History of Kelvedon Hatch
St Nicholas' Church shortly after consecration.
History of Kelvedon Hatch >> St Nicholas' Church >> Memorial Stone Laying
St Nicholas's Church - laying of the memorial stone
The Parish Magazine records the laying of the Memorial Stone for the new church on 30th October, 1894.
THE NEW CHURCH, MEMORIAL STONE LAYING.
"In reporting, the Memorial Stone Laying, we feel we cannot do better than follow the lines of the Essex County Chronicle, of Friday, 2nd November. An account of the ceremony will be most interesting to the people of Kelvedon Hatch in after years if preserved in our Parish Magazine.
"The laying of the Memorial Stone of the New Church of S. Nicholas, Kelvedon Hatch, took place on Tuesdav, 30th October, 1894, at 3 p.m. The pouring rain greatly reduced the attendance the ceremony nevertheless, the company, which was a representative one, consisted of about 150 persons assembled beneath the tarpaulins which had been erected as a partial protection against the rain, and bravely defied the incessant dripping while the ceremony was performed. The choir of the parish was in attendance, the musical portion of the service under the direction of Mr C. F. White, who presided at the harmonium.
The service commenced with the hymn "We love the place, O God, wherein thine honour dwells." Suitable prayers were said by the Rector, after which the stone laying took place. The architect, Mr. J. T. Newman, handed to Mr. Edward W. Puxon, patron of the Benefice, who has been one of the most liberal contributor to the Building Fund, a silver trowel, and the stone was lowered to its resting price, and "well and truly laid" by him, with these words, "In the faith of Jesus Christ, we place this Memorial Stone in the name of God the Father, God the Son, and God the Holy Ghost. Amen."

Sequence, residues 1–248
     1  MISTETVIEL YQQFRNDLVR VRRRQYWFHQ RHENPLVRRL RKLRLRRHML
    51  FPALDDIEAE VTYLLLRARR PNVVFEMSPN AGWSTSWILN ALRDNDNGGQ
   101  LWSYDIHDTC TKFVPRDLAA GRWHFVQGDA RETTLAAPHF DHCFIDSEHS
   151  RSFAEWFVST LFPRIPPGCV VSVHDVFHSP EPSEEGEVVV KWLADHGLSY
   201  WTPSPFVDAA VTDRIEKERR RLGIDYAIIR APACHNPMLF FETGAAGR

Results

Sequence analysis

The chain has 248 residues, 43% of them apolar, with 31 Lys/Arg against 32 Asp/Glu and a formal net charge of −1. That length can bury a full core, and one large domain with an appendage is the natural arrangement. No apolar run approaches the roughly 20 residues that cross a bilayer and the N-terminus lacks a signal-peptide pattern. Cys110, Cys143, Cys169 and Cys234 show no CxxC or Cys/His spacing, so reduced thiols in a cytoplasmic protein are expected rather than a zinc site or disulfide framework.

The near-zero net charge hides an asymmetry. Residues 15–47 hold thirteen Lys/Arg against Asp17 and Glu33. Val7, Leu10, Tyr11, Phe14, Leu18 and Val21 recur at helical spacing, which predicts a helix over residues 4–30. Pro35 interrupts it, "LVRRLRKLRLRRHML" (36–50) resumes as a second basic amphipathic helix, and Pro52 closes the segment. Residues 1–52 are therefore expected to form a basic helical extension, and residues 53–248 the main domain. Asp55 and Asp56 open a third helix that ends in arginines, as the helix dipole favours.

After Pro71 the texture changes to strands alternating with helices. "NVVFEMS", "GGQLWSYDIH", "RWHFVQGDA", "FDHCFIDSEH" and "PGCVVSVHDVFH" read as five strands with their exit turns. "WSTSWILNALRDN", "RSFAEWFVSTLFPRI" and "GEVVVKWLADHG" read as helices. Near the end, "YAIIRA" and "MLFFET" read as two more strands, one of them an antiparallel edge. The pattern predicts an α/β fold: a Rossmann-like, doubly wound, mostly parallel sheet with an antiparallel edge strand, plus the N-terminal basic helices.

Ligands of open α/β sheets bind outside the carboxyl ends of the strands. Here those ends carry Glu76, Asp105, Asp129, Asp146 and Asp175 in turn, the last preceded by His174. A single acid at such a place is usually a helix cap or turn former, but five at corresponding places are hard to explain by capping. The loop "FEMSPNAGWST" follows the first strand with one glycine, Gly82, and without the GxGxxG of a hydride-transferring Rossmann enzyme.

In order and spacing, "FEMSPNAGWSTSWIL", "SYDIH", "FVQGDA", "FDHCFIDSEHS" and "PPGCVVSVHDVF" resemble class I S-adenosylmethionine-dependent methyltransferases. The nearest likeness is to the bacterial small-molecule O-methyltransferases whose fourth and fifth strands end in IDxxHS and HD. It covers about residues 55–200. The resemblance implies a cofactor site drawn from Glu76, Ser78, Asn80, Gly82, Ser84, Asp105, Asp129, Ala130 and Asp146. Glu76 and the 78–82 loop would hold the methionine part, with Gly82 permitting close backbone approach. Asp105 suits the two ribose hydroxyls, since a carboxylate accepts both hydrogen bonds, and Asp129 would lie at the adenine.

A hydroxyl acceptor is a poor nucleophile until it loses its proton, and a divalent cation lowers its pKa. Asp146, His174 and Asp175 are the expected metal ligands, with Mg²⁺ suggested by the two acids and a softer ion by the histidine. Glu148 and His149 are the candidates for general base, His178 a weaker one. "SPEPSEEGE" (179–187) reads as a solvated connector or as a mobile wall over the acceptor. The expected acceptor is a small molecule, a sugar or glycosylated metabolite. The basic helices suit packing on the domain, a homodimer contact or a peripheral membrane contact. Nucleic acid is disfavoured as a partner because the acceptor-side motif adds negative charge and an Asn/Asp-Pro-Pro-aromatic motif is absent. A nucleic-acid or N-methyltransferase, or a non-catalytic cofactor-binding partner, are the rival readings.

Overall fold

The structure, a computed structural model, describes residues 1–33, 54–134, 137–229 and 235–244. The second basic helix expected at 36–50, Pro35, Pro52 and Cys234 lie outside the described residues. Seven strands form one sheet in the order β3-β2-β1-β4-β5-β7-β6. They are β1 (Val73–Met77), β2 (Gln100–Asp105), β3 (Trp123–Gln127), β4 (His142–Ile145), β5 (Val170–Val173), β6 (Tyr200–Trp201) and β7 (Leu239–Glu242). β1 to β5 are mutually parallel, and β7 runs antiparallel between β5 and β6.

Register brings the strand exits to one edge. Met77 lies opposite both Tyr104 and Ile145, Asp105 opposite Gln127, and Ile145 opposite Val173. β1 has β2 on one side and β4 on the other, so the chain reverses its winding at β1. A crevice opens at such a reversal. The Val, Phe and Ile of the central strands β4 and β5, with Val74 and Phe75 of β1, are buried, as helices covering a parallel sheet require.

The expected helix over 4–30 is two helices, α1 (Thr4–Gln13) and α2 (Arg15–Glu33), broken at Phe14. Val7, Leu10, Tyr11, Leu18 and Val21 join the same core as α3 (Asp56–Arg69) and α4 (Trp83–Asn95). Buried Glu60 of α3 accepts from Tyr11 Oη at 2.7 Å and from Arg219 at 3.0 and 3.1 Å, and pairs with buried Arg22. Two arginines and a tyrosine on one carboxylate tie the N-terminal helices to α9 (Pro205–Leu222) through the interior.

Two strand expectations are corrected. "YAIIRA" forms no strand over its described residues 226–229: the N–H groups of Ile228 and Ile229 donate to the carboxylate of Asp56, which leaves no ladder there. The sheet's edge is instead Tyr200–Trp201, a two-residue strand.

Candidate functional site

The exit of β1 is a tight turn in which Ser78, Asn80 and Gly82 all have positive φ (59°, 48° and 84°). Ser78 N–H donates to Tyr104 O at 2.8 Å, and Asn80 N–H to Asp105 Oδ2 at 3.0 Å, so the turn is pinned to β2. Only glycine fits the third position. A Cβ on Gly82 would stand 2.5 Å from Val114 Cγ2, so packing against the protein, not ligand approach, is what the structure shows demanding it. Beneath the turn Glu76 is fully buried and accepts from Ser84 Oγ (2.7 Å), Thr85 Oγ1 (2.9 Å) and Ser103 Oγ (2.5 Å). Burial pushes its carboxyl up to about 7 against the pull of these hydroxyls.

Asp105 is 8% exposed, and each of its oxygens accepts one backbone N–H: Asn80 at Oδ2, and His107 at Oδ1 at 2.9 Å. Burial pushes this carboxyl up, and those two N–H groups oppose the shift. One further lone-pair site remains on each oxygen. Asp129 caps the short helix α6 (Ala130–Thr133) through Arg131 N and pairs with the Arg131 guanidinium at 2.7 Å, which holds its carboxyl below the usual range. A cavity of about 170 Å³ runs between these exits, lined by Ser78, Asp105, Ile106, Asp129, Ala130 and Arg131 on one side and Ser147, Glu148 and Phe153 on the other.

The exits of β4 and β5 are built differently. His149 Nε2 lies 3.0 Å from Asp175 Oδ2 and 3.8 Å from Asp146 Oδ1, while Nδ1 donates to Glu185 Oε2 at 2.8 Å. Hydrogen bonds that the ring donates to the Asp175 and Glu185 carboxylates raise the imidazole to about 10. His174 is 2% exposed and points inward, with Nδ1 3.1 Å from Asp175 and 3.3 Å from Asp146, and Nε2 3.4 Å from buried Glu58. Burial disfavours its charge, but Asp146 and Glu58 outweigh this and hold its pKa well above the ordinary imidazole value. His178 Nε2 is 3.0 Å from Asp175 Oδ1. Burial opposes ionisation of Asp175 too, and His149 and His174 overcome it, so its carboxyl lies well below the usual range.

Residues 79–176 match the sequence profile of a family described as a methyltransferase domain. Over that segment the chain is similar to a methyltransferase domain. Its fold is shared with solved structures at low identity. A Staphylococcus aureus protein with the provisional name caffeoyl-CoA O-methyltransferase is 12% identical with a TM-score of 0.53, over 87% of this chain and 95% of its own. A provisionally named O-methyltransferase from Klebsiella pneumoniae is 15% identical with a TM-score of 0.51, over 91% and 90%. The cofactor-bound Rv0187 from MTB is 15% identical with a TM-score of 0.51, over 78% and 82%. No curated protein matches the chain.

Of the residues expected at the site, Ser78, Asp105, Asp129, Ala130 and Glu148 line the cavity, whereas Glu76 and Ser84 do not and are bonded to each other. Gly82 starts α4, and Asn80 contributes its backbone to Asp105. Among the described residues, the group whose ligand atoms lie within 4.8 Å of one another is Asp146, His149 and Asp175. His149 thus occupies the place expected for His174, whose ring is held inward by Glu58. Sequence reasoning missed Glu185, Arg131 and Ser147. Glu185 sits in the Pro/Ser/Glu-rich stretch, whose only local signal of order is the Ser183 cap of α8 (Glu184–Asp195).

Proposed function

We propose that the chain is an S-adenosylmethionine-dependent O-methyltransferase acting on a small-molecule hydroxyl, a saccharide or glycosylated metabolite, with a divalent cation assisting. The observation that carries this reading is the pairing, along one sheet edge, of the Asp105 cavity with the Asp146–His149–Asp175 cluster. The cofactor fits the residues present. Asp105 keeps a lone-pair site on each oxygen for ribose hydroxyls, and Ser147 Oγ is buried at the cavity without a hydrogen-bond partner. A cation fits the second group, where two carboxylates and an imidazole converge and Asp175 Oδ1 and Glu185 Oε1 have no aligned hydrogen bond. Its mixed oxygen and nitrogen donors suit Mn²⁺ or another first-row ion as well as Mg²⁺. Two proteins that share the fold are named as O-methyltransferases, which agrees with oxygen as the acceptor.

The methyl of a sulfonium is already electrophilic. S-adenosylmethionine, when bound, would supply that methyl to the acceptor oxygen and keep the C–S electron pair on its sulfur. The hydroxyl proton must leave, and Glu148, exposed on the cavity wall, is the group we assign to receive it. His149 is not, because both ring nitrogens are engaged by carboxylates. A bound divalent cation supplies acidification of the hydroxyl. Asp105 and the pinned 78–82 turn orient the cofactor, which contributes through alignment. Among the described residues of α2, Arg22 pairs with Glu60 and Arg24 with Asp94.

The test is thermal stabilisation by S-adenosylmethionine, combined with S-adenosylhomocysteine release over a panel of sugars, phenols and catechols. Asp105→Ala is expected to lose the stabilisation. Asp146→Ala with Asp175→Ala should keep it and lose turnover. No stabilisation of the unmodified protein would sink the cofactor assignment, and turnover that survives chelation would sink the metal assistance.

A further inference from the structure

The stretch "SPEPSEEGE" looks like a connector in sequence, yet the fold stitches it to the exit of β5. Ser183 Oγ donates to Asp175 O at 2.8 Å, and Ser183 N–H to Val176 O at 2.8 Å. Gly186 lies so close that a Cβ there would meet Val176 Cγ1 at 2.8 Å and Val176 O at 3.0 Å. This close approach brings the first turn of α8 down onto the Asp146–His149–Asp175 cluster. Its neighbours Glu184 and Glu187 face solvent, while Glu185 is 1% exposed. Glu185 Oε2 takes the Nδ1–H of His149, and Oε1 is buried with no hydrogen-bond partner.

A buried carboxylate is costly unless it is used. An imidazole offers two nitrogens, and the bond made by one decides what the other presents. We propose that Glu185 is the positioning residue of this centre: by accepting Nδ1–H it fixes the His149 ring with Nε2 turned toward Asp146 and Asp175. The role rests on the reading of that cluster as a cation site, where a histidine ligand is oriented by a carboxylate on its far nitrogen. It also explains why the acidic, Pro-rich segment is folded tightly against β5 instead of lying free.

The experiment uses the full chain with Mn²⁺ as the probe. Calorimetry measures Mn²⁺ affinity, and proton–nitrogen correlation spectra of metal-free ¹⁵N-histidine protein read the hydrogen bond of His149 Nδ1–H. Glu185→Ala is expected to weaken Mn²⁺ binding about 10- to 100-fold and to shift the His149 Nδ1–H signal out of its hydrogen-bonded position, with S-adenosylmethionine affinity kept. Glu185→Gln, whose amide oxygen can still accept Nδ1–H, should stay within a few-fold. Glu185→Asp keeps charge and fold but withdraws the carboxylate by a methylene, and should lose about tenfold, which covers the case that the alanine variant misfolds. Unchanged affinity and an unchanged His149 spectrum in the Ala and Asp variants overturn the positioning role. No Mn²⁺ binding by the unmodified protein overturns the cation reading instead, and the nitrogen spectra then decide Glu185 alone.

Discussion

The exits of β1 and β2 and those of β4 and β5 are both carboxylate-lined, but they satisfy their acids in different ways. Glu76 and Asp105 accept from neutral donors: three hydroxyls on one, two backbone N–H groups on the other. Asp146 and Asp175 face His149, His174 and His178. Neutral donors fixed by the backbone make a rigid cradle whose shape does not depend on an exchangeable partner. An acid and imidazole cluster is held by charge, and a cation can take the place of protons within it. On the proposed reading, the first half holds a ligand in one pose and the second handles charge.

The Venerable the Archdeacon of Essex then placing his hand on the stone, said " Here let true faith, the fear of God, and brotherly love ever remain; this place is consecrated to prayer and to the praise of the most Holy name of the same, our Lord Jesus Christ, who ever liveth, with the Father and the Holy Spirit, one God, world without end. Amen." The Archdeacon then gave a short address. He said it was an auspicious occasion in anything but auspicious weather. It was surprising that in this little parish so much had been done towards getting a new church. He understood that the larger part of the sum needed (£1,600) had already been secured, there being only about £200 more required. He congratulated the people of Kelvedon Hatch on their success, which he knew well could only have been achieved, in these " hard times," by their earnestness and self-denial, which God had indeed blessed. They had found, no doubt, considerable difficulty in having their parish church so far from the village especially in bad weather like the present. They were not only going to have a new church, but a new burial ground was to surround it, and those who worshipped in the new church would be able to rest in the God's acre in which it stood when their time came.
The Memorial Stone bears a cross and the inscription: " S. Nicholas. To the glory of God. This stone was laid, 30th October, 1894." It is interesting to note that our old friend, Mr. George Sargent, previous to the stone being placed in position, put a bright new" threepenny piece" underneath.